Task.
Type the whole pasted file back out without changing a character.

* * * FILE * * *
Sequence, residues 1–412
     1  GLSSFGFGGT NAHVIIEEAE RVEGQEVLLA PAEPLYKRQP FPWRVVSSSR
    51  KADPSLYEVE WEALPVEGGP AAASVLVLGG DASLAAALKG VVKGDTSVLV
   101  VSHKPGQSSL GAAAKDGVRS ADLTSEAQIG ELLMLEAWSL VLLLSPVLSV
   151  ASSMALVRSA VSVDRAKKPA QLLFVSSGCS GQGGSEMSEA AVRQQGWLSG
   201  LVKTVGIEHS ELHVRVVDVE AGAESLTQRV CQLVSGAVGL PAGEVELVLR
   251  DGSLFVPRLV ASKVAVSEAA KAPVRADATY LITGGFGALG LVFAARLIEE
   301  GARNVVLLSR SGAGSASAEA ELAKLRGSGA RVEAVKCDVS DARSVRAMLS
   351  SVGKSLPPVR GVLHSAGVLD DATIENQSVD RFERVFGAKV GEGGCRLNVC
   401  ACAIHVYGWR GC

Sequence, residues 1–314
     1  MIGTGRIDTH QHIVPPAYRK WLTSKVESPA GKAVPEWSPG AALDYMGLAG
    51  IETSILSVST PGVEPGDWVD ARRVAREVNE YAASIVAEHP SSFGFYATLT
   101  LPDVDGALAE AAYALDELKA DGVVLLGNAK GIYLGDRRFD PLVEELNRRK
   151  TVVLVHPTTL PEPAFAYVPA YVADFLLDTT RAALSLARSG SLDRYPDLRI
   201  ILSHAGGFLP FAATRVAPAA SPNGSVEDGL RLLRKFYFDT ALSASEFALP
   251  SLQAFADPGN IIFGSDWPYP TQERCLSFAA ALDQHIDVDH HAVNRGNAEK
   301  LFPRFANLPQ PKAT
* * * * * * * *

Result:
Sequence, residues 1–412
     1  GLSSFGFGGT NAHVIIEEAE RVEGQEVLLA PAEPLYKRQP FPWRVVSSSR
    51  KADPSLYEVE WEALPVEGGP AAASVLVLGG DASLAAALKG VVKGDTSVLV
   101  VSHKPGQSSL GAAAKDGVRS ADLTSEAQIG ELLMLEAWSL VLLLSPVLSV
   151  ASSMALVRSA VSVDRAKKPA QLLFVSSGCS GQGGSEMSEA AVRQQGWLSG
   201  LVKTVGIEHS ELHVRVVDVE AGAESLTQRV CQLVSGAVGL PAGEVELVLR
   251  DGSLFVPRLV ASKVAVSEAA KAPVRADATY LITGGFGALG LVFAARLIEE
   301  GARNVVLLSR SGAGSASAEA ELAKLRGSGA RVEAVKCDVS DARSVRAMLS
   351  SVGKSLPPVR GVLHSAGVLD DATIENQSVD RFERVFGAKV GEGGCRLNVC
   401  ACAIHVYGWR GC

Sequence, residues 1–314
     1  MIGTGRIDTH QHIVPPAYRK WLTSKVESPA GKAVPEWSPG AALDYMGLAG
    51  IETSILSVST PGVEPGDWVD ARRVAREVNE YAASIVAEHP SSFGFYATLT
   101  LPDVDGALAE AAYALDELKA DGVVLLGNAK GIYLGDRRFD PLVEELNRRK
   151  TVVLVHPTTL PEPAFAYVPA YVADFLLDTT RAALSLARSG SLDRYPDLRI
   201  ILSHAGGFLP FAATRVAPAA SPNGSVEDGL RLLRKFYFDT ALSASEFALP
   251  SLQAFADPGN IIFGSDWPYP TQERCLSFAA ALDQHIDVDH HAVNRGNAEK
   301  LFPRFANLPQ PKAT